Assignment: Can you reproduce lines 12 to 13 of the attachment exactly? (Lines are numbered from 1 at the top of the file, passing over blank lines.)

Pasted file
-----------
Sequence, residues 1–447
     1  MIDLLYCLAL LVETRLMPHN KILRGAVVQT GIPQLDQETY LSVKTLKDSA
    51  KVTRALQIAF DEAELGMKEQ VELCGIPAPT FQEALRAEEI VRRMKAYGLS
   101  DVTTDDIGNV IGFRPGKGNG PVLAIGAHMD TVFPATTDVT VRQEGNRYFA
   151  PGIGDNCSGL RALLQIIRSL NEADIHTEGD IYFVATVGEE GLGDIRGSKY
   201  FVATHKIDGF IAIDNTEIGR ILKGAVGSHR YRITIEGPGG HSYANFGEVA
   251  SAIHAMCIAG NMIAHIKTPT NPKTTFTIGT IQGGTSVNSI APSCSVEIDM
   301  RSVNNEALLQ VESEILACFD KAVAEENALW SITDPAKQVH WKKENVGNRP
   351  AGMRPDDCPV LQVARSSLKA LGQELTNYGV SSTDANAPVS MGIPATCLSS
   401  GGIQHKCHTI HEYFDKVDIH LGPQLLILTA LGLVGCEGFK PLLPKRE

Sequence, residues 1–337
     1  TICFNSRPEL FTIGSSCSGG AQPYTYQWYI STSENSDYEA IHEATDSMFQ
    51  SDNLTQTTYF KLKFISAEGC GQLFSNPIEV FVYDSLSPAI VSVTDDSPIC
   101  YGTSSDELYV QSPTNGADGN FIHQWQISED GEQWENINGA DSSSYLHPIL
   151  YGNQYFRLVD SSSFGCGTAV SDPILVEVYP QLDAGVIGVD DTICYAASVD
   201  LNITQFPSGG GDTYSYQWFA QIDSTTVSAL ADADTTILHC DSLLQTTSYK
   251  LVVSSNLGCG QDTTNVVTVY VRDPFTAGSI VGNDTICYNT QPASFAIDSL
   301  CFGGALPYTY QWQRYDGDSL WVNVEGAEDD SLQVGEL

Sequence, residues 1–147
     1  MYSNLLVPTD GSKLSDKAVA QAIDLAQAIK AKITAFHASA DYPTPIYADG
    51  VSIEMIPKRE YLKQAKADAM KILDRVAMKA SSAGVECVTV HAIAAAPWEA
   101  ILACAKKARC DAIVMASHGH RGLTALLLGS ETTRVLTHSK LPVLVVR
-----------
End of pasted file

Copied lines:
     1  TICFNSRPEL FTIGSSCSGG AQPYTYQWYI STSENSDYEA IHEATDSMFQ
    51  SDNLTQTTYF KLKFISAEGC GQLFSNPIEV FVYDSLSPAI VSVTDDSPIC